Hackers from Russia & Brazil have managed to discover a new exploit for the Sony PS4 – a couple of weeks ago, a number of electronics stores in Brazil had been advertising the means to copy and run a series of ripped retail games on the console. Not a whole lot was known about the hack back then, but information gradually began to trickle out from customers and make its way around the web, here’s a gaming insider’s report on it from yesterday.
Comments from Tripwire, STEALTHbits Technologies, Lancope on hacking Sony PS4.
Ken Westin, senior security analyst, Tripwire (www.tripwire.com):
“This reveals that the same encryption and protections that Sony has setup for game discs is not present or possible with the downloaded games that are stored on the PS4. You can bet that Sony is working on a fix for this, however in order for it to be enabled it will require a software update and it will take a while before it is fixed.”
Brett Fernicola, CISO, STEALTHbits Technologies (www.stealthbits.com):
“This is a very interesting hack that appears so far do be different from the PS3 hack that Sony squashed. The trick with the PS3 was that the actual unit itself needed a hacked firmware loaded. Then any game that was copied to disk or Blu-ray was easily playable both online and offline. If you stayed offline you could play your games forever until a new game came out that required a more recent firmware to load. In that case you needed to obtain a new hacked version of that firmware. If you connected one of these hacked PS3s to the internet Sony could easily detect you had a bogus firmware and could shut you down.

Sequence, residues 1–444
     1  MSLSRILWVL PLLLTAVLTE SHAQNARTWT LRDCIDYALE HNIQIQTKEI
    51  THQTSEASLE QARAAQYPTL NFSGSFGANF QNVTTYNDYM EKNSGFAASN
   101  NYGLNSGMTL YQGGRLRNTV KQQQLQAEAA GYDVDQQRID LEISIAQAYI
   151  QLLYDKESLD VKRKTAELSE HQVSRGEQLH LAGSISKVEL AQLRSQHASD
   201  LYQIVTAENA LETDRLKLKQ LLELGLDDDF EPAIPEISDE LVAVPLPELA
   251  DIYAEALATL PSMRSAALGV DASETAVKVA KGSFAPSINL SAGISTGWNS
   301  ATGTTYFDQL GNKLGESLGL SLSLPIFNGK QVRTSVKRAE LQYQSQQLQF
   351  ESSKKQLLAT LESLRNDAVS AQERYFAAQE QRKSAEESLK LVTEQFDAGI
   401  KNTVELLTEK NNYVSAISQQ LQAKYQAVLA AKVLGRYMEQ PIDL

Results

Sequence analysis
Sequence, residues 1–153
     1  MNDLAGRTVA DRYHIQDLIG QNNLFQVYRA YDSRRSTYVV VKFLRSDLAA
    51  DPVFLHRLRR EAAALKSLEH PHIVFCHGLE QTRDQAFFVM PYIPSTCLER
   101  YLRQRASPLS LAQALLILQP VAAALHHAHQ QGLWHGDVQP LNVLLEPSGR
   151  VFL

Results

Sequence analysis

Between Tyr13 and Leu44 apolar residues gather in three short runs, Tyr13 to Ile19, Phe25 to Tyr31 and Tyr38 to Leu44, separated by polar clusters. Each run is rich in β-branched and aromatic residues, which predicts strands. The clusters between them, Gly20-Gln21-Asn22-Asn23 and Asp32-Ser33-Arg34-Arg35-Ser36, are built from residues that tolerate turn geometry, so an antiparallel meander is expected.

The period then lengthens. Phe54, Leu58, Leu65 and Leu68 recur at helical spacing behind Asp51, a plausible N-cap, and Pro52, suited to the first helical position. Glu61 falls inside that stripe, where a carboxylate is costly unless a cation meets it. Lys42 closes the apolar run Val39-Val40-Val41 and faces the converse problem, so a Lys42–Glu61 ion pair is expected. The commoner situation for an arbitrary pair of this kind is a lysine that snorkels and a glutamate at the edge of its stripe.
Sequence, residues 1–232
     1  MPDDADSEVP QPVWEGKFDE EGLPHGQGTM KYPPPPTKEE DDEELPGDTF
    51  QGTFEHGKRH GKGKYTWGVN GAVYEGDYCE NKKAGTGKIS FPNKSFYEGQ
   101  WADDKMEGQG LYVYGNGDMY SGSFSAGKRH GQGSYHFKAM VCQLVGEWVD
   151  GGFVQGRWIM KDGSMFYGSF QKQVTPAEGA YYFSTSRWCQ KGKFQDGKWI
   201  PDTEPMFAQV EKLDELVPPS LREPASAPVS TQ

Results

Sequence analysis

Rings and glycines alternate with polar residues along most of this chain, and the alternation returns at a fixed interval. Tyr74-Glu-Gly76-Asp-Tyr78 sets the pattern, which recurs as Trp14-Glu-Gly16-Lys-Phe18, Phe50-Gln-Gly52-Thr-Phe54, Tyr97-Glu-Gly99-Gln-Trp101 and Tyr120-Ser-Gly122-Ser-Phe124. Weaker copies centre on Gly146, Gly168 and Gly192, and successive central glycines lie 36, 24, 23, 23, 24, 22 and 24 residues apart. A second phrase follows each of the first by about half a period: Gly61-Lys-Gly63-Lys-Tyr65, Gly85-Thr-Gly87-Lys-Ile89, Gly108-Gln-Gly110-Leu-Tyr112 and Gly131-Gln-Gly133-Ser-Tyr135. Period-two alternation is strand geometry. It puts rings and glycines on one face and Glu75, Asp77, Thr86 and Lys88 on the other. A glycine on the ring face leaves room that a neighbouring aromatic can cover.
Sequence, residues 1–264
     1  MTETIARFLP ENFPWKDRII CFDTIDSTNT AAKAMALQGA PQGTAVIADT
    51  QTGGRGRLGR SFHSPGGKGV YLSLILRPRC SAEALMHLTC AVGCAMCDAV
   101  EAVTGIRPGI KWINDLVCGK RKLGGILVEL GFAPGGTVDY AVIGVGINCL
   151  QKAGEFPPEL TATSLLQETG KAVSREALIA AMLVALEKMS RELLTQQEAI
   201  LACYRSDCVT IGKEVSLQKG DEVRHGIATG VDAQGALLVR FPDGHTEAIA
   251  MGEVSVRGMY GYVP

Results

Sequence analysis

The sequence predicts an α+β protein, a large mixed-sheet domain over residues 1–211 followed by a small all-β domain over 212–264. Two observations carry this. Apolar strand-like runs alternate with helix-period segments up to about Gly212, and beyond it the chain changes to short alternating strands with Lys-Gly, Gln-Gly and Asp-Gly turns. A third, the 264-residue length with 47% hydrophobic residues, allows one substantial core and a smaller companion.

If this new hack does not require modification to the actual firmware of the PS4 then I think Sony is in for trouble. However the details of the article don’t go deep enough to really pick this apart yet. If the clean retail PS4 including its NAN/BIOS is being cloned to another clean retail PS4, one would have to assume once online Sony would be able to detect duplicated or cloned machines. However in my opinion piracy in general has little effect on the market. There will always be the people like myself willing to buy the retail version to support their favorite artists, developers, etc. The amount of time and money spent defeating the pirates would be better spent somewhere else. If you don’t believe me just look at the recent rise in vinyl record sales.”
Gavin Reid, VP of threat intelligence, Lancope (www.lancope.com):
“Vendors in this space face aggressive targeting by communities wishing to remove copy protection. The PS4 will be no different and Sony will continue to play an arms race against groups that benefit from the abilities to copy and share games. Open source groups like Homebrew with more altruistic motivations of extending the functionality of the console alongside groups selling modified consoles specifically to play copied games and of course the resell of the games themselves at fraction of the actuals costs. This has happened historically with all of the major consoles. It would be highly unlikely not to continue with the PS4.”
TK Keanini, CTO, Lancope (www.lancope.com):
“As a PS4 and Xbox gamer, I would also like to add that the integrity of the game is not only a matter of piracy but a matter of game play. Game developers must develop advanced methods of checking the integrity of the game at runtime as a certain percentage of gamers hack the game so that they can have an unfair advantage in competition. When this happens, most folks stop playing the game and the community moves to another game. Gamers don’t mind losing as long as they have lost in fairness. These cheats sometimes allow competitors to hide in walls or aimbots giving them 100% accuracy. No one likes cheaters.”